Interaction network D, table 1 and figure 3, originates from predicted genetic interactions among a region on chromosome 17, and markers on chromosomes 5, 1 and 2. Candidate genes presumed to be responsible for the interactions are DDX52 (Probable ATP-dependent RNA helicase DDX52, DEAD box protein 52) and RPL23A (60S ribosomal protein L23a) on chromosome 17, NPM1 (Nucleophosmin, nucleolar phosphoprotein B23) and RPL26L1 (60S ribosomal protein L26-like I) on chromosome 5, PRDX1 (Natural killer cell-enhancing factor A, Peroxiredoxin-I) on chromosome 1 and RPS7 (40S ribosomal protein S7) on chromosome 2. The PRDX1 gene additionally interacts with the SESN2 (Sestrin 2, hypoxia induced gene 95) and SESN1 (Sestrin 1, p53-regulated protein PA26) genes, of which the latter further interacts with the FLOT1 (Flotillin I, integral membrane component of caveolae) gene from the HLA region. Interaction network D is significantly enriched for SNPs in the best 0.1 percentile, table 2, indicating that genetic variations in this network could also contribute to T1D susceptibility. No differences in the lymphocyte expression studies were demonstrated. Comparing human islets expression profiles, we demonstrated that NPM1, a gene involved in ribosomal protein assembly and transport was significantly down-regulated upon stimulation of islets with a mixture of cytokines and the PRDX1 gene, encoding a natural killer cell enhancing factor, to be significantly up-regulated after such stimulation, when compared to constitutive expression, table 1 and figure 3. Natural killer cell enhancing factors have been described as important for different cells in their defense against oxidants/oxidative stress [13], [14]. An up-regulation of the PRDX1 encoded protein could be part of a defense mechanism in the beta cell against oxidative stress. The NPM1 gene has been shown to be important in certain cancer forms, and it has been described that inhibition of the expression of this gene may cause other proteins, e.g. STAT5A to act as a tumor suppressor [15]. This network, build on genetic interactions between chromosome 17 and chromosomes 5, 1 and 2, may be interesting in individuals with a low HLA risk, even though a second order interaction with a gene from the HLA region was found in the protein interactions. The network could point at underlying mechanisms and putatively important combinations of genes responsible for T1D in such individuals. A stronger effect of non-HLA genes could be expected in individuals carrying a lower HLA risk, as indicated by a recent T1D genome-wide association scan and meta-analysis [16].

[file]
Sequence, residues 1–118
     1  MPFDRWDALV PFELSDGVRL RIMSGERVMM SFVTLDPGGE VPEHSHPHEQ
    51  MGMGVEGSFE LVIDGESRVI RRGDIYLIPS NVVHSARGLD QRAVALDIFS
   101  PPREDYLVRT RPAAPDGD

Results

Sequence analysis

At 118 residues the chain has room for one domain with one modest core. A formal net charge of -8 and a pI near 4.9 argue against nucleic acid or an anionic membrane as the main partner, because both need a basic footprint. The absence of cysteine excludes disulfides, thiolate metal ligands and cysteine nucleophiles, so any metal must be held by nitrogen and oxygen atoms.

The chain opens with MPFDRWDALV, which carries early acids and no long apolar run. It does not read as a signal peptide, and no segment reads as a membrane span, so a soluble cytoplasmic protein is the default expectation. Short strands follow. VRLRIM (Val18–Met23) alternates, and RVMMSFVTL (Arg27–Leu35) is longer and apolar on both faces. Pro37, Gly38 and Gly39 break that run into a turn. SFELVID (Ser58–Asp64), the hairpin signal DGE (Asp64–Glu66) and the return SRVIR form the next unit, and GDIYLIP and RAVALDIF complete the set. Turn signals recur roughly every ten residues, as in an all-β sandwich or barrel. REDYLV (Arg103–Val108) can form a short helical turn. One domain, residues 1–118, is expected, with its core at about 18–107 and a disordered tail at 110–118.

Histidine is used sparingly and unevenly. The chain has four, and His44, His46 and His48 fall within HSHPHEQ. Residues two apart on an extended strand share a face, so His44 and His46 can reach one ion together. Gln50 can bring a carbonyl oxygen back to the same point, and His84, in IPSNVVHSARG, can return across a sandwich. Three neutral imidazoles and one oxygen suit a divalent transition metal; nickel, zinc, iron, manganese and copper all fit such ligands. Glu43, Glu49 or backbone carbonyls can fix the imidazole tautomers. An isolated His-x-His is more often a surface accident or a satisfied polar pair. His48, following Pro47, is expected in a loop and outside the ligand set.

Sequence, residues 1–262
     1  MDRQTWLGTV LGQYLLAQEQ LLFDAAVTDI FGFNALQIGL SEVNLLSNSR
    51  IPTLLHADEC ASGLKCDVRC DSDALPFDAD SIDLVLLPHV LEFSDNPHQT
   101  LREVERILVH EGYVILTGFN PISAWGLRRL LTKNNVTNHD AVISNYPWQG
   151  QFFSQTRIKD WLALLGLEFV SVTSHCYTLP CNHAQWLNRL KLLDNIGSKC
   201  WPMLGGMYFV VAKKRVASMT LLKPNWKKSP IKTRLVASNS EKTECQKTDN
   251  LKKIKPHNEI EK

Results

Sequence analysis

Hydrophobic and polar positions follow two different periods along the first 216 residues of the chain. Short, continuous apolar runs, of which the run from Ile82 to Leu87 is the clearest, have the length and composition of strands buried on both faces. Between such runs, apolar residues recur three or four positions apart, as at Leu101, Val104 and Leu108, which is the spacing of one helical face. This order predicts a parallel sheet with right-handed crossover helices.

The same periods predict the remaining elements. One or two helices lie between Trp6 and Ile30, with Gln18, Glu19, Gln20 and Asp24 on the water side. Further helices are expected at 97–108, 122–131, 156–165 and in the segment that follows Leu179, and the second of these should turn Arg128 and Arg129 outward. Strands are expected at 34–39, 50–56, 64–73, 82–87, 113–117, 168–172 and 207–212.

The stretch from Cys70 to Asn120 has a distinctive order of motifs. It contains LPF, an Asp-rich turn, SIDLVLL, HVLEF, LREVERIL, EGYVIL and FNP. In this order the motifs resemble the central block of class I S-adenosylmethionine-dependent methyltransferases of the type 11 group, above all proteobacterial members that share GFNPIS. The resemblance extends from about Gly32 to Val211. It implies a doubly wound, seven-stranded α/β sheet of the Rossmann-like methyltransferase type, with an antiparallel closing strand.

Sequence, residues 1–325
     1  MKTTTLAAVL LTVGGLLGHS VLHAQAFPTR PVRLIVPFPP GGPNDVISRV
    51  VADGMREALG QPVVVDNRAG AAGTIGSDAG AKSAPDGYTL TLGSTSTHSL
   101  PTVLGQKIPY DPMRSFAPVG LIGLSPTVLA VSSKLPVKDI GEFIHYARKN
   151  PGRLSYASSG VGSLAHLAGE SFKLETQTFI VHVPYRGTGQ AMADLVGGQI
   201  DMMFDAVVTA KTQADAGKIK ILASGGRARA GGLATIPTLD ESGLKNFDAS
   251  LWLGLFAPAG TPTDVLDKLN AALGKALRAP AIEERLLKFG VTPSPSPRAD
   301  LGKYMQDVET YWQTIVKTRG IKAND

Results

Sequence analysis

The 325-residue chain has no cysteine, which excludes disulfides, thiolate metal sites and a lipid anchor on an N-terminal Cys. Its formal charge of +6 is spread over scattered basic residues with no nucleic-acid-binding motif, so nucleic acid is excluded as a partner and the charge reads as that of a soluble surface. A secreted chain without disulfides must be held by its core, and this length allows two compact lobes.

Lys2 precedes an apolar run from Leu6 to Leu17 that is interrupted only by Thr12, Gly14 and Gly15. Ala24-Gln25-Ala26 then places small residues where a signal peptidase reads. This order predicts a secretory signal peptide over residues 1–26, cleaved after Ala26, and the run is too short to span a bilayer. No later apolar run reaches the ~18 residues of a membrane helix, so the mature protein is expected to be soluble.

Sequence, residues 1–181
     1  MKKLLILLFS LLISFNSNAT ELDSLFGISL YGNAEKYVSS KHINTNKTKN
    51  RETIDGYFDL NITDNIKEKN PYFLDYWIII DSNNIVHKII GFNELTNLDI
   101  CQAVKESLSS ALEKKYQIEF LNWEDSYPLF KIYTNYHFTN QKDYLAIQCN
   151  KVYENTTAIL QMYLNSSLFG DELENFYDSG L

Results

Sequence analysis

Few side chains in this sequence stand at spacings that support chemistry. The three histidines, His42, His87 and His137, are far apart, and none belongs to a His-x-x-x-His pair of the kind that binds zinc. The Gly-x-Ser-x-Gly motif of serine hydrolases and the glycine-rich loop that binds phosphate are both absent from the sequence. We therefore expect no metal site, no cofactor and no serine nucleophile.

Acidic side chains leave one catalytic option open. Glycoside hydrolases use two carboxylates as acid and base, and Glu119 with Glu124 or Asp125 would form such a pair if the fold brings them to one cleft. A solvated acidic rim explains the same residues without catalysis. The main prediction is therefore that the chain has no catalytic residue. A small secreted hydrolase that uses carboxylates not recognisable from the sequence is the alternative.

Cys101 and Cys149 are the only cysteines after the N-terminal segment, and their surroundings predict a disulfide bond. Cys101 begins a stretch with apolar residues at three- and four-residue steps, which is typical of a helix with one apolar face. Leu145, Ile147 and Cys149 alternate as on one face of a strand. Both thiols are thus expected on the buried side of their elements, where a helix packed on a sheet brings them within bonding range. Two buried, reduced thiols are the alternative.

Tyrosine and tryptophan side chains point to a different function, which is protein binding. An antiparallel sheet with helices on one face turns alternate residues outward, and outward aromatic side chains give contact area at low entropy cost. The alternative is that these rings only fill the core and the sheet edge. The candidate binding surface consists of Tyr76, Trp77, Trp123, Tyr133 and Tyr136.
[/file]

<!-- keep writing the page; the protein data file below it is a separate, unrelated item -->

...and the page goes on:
Figure 3. Overview of predicted interactions in network D.

Protein-protein interactions originates from identified genetic interactions between a region on chromosome 17 (around D17S798, DDX52 and RPL23A) and regions on chromosome 5 (D5S429, NPM1 and RPL26L1), chromosome 1 (D1S197, PRDX1) and chromosome 2 (D2P25, RPS7), respectively. Through the PRDX1 gene in the D1S197 region the network is linked to the FLOT1 gene in the HLA-region. The NGB, SESN1 and SESN2 genes are positioned on chromosomes 14q24.3, 6q21 and 1p35.3, respectively. No differential expression in lymphocytes were identified, but the NPM1 gene was significantly down-regulated and the PRDX1 gene significantly up-regulated by cytokine-stimulation of human pancreatic islets.

In three out of four interaction networks our attempts to functionally characterize the candidate genes by expressional profiling have identified novel genes for further analysis. The third interaction network, network C, did not reveal any differentially expressed genes. Genetic support by evaluation of whether networks were enriched in T1D associated SNPs was obtained for network A and to a lesser degree for network D, highlighting these two interaction networks as the most important.